Cookies on this website

We use cookies to ensure that we give you the best experience on our website. If you click 'Accept all cookies' we'll assume that you are happy to receive all cookies and you won't see this message again. If you click 'Reject all non-essential cookies' only necessary cookies providing core functionality such as security, network management, and accessibility will be enabled. Click 'Find out more' for information on how to change your cookie settings.

PURPOSE: Animal models are powerful tools to broaden our understanding of disease mechanisms and to develop future treatment strategies. Here we present detailed structural and functional findings of a rhesus macaque suffering from a naturally occurring bilateral macular dystrophy (BMD), partial optic atrophy and corresponding reduction of central V1 signals in visual fMRI experiments when compared to data in a healthy macaque (CTRL) of similar age. METHODS: Retinal imaging included infrared and autofluorescence recordings, fluorescein and indocyanine green angiography and spectral domain optical coherence tomography (OCT) on the Spectralis HRA + OCT platform. Electroretinography included multifocal and Ganzfeld-ERG recordings. Animals were killed and eyes analyzed by immunohistochemistry. RESULTS: Angiography showed reduced macular vascularization with significantly larger foveal avascular zones (FAZ) in the affected animal (FAZBMD = 8.85 mm(2) vs. FAZCTRL = 0.32 mm(2)). OCT showed bilateral thinning of the macula within the FAZ (total retinal thickness, TRTBMD = 174 ± 9 µm) and partial optic nerve atrophy when compared to control (TRTCTRL = 303 ± 45 µm). Segmentation analysis revealed that inner retinal layers were primarily affected (inner retinal thickness, IRTBMD = 33 ± 9 µm vs. IRTCTRL = 143 ± 45 µm), while the outer retina essentially maintained its thickness (ORTBMD = 141 ± 7 µm vs. ORTCTRL = 160 ± 11 µm). Altered macular morphology corresponded to a preferential reduction of central signals in the multifocal electroretinography and to a specific attenuation of cone-derived responses in the Ganzfeld electroretinography, while rod function remained normal. CONCLUSION: We provided detailed characterization of a primate macular disorder. This study aims to stimulate awareness and further investigation in primates with macular disorders eventually leading to the identification of a primate animal model and facilitating the preclinical development of therapeutic strategies.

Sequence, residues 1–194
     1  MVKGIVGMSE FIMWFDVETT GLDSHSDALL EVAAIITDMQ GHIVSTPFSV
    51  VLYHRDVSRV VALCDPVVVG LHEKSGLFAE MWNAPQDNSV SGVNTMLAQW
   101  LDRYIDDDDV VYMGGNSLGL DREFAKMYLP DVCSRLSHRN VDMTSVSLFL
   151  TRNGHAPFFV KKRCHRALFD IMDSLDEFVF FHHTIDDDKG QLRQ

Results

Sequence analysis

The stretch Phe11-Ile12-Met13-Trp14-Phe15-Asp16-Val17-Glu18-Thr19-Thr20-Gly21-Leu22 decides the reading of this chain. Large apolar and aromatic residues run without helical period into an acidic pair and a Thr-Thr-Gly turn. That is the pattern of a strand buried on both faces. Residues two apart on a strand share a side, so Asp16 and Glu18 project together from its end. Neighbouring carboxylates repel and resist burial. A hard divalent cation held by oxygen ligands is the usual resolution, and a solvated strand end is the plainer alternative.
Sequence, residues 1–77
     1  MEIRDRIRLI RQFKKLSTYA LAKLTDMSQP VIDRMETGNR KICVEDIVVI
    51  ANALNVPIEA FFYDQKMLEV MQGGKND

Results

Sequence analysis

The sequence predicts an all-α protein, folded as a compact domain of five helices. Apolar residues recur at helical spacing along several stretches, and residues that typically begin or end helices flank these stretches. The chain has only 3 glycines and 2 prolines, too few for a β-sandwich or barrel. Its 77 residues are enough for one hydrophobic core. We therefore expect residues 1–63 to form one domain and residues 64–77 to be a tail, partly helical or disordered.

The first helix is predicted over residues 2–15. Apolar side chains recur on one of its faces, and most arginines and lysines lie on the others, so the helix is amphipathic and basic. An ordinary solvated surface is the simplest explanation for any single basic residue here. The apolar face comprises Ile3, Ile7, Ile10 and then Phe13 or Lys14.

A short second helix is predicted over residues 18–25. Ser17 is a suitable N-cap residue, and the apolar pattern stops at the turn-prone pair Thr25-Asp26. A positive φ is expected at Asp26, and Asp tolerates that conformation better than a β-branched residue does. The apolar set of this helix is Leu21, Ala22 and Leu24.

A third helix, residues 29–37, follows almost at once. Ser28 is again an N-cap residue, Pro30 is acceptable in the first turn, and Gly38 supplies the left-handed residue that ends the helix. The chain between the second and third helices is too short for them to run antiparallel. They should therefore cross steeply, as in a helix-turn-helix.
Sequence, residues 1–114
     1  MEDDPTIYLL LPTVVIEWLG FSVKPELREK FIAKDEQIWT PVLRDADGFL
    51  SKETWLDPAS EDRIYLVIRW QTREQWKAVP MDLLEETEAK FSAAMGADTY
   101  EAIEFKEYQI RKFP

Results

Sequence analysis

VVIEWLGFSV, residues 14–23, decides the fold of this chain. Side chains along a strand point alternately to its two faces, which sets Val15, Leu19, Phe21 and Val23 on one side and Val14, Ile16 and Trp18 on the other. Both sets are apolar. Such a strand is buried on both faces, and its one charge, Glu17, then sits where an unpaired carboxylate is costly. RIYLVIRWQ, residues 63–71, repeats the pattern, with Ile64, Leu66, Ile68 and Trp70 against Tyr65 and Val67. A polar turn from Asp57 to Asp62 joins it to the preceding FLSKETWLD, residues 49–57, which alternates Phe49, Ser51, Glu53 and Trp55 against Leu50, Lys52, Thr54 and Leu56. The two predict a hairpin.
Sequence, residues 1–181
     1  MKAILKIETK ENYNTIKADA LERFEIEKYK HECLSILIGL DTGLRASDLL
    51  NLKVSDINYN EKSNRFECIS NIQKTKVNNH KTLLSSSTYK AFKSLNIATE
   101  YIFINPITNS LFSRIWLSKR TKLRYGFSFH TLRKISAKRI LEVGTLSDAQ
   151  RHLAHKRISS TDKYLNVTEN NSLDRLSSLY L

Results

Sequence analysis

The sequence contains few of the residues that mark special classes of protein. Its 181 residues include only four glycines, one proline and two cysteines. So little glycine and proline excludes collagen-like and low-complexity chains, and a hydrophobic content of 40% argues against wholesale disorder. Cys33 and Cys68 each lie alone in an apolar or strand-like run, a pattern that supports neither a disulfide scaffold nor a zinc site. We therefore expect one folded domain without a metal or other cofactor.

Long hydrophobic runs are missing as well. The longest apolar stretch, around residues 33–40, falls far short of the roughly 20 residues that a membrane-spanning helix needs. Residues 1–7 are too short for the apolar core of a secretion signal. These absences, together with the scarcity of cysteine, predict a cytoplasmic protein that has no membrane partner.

Original publication




Journal article


Doc Ophthalmol

Publication Date





179 - 194


Electroretinography, Functional MRI, Macular disorder, Neurodegeneration, Optical coherence tomography, Animals, Electroretinography, Female, Fluorescein Angiography, Macaca mulatta, Macular Degeneration, Magnetic Resonance Imaging, Male, Monkey Diseases, Optic Atrophy, Retina, Retinal Cone Photoreceptor Cells, Tomography, Optical Coherence, Vision Disorders, Visual Acuity, Visual Fields